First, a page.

Change is inevitable. How often do we hear those words, and how much resistance do we carry for them? 2020 has been, for our entire planet, a year of deep change. The global COVID-19 pandemic has torn us all from our familiar patterns and imposed a different sense of time and place. For many of us it has placed us squarely in the realm of the uncanny, in the best gothic sense of the word. Our streets are empty, strangers are stranger than usual – even those familiar to us have become largely untouchable.
Fear has not only stalked us it has, to varying degrees, taken up residence in our psyche. What will this mean for us? For our planet? In a matter of weeks, time changed in nature from a race against the clock to complete tasks to a sliding scale of hours with only ourselves and our thoughts and those we share spaces with, in a way we have never done before.
Disbelief, resistance, acceptance. All the stages of grief for something we are not sure how to name yet. A loss of individual autonomy for the greater good. The loss of people we love. Tragedies which have reached out across the globe. We cannot look at 2020 with the secure knowledge that bad things happen ‘somewhere else’, have had to instead look within our own society and see the deep scars running through our complacency.
This year has felt as though the world as we have recently known it is unravelling. Discontent runs through the fabric of our political systems. Justice for all seems as much a dream as always. And yet, so many fierce people are fighting for that dream I can hope the world is reweaving itself into something better.
Our younger generations seem to have turned away from the ‘greed is good’ mentality. They are, generally, a thoughtful bunch. Not only tolerant of the differences between us all but actively celebrating them. Their thinking is fluid. They have rejected the must do’s, the must have’s, the must-be’s and instead seem to walk toward the question marks of life with openness and courage. They enjoy discussion and debate in a way the world has not seen since the 1960’s. Unafraid to stand up for the values they believe in, they are also able to supply an honest and reasonable rationale in the face of stubborn resistance.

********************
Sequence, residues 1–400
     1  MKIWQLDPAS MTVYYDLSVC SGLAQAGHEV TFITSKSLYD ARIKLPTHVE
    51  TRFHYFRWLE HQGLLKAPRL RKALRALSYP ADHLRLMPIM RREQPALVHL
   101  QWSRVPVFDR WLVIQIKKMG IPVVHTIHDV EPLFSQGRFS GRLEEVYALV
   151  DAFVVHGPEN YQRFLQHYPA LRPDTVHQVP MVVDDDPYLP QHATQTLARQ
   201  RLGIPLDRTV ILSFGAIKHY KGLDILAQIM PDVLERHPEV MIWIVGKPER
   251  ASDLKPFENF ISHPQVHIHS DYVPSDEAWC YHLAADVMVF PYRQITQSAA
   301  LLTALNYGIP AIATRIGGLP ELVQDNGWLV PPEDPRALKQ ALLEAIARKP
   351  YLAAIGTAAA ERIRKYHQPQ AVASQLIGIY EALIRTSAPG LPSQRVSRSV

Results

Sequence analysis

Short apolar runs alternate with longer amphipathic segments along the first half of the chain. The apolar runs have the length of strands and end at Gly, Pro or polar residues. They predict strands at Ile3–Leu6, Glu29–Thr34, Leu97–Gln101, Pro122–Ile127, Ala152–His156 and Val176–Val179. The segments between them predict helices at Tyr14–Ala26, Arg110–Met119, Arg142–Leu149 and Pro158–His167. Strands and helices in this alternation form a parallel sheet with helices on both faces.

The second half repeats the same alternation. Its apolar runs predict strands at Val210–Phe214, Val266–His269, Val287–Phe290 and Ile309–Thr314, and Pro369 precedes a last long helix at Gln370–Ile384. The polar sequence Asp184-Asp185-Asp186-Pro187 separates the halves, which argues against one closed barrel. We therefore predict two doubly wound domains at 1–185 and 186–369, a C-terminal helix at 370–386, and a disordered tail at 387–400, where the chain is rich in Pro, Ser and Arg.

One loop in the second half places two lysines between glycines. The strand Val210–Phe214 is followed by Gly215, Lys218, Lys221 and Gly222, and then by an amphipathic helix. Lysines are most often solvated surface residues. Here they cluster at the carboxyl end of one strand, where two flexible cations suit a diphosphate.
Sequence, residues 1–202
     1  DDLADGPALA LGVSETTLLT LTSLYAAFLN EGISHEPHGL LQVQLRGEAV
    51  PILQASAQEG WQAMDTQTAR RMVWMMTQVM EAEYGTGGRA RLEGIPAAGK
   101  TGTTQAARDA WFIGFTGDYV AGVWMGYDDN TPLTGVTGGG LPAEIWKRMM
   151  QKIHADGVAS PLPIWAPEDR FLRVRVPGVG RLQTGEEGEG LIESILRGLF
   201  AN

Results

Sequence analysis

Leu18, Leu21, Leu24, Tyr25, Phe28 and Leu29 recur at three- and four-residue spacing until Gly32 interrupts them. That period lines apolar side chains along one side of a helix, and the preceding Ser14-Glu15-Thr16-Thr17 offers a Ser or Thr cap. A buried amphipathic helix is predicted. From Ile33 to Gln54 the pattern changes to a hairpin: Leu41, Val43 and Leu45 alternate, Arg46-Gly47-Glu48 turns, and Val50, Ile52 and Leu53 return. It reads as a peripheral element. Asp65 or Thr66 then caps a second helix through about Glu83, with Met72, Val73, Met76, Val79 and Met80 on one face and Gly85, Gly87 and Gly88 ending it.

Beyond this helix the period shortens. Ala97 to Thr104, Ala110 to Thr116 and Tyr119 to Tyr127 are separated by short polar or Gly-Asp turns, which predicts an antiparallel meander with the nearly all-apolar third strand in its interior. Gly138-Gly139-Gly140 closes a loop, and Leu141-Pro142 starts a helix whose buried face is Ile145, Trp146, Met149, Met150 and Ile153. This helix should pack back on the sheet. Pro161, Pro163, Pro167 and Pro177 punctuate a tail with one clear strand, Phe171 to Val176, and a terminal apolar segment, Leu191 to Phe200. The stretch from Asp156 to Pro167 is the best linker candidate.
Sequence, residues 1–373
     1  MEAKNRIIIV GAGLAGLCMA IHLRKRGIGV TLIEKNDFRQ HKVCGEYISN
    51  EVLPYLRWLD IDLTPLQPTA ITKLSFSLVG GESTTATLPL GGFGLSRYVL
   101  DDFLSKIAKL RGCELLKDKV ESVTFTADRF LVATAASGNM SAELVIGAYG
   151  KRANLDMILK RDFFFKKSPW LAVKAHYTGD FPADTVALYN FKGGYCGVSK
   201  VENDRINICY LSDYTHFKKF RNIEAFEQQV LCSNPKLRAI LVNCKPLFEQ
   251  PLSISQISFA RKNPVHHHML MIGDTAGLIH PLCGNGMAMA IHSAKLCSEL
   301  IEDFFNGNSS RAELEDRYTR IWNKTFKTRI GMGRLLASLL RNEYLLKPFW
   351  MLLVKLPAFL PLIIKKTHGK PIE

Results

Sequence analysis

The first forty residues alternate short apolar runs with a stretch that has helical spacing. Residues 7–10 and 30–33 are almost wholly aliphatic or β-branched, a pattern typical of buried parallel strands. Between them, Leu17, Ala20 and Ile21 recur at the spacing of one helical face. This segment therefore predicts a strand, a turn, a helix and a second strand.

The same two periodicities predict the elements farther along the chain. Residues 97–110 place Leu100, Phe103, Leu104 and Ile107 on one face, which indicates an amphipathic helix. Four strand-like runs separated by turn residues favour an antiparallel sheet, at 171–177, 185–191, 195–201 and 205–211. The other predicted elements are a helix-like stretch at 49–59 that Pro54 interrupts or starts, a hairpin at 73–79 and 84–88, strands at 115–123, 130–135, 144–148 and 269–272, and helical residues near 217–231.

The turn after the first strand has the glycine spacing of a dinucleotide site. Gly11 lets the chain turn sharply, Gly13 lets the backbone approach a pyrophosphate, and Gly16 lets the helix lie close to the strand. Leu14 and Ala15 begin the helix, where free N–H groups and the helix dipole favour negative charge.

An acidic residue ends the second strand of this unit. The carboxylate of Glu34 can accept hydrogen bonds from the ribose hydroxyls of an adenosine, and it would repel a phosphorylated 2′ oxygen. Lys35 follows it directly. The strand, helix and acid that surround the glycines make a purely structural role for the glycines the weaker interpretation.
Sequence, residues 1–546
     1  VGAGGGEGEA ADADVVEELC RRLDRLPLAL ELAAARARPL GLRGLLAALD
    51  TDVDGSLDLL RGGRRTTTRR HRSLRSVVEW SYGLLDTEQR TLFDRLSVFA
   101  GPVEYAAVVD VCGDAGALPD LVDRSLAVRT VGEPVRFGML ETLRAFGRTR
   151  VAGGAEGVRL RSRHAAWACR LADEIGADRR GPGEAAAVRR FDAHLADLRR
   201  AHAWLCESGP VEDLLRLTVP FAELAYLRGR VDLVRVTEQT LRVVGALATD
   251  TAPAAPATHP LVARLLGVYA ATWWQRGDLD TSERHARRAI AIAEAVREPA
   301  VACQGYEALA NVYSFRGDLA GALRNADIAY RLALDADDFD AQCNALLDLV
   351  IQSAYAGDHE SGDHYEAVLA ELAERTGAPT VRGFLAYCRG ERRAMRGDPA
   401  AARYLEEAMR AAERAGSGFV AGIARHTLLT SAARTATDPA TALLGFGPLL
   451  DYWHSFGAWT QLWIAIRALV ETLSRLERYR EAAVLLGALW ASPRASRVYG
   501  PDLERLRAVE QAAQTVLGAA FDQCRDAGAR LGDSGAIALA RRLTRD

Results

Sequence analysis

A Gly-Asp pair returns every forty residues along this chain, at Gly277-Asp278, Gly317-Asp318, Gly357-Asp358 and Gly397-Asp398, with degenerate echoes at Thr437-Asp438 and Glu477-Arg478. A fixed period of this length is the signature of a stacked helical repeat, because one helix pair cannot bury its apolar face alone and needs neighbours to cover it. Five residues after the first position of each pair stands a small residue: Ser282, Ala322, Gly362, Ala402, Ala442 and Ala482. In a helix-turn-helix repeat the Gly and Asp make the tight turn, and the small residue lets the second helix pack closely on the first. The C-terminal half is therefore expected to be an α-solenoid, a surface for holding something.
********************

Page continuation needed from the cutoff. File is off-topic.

Climate change, equality, freedom of speech, the dissolution of racial and gender discrimination, the rights of all humans to take as a given a chance at an increasing quality of life and the freedom to live their best life. A chance for all to dream, with at least a reasonable expectation of bringing some of their dreams to fruition.
If many of the structures of our world are unravelling, then perhaps their foundations had become shakier than we like to believe. Perhaps it is a good time now to embrace our human oneness. To accept that, just as a COVID-19 disregards our race, class and sexuality, so all the wonderful aspects of life on this planet should touch us equally with the same criteria. We are uniquely human, with our own thoughts, fears and feelings, our own stories, and therein lies our intrinsic worth.
Beneath the unravelling, the uncertainty, the fear, humans everywhere are busy quietly reknitting the fabric of our societies. What they produce may hold uncomfortable truths, may scratch at us in ways we might prefer to salve, keep us awake in the night wrestling with our conscience. Let’s all try wearing the new style for a while though, long enough to fashion a new, kinder way to be us.
Leslie Thiele is a writer based in the south west of Western Australia. Her short fiction centres around her characters reactions to the world they live in and social change. A keen student of human nature in all its manifestations, Leslie drops people into imagined situations and environments and waits to see what they will do. Recently completing her Bachelor of Arts in creative writing and literature at Edith Cowan University’s regional campus in Bunbury has further refined her writing and led to her gaining recognition for pieces of her work in various competitions, events and spoken performances. Skyglow is her debut collection of short stories.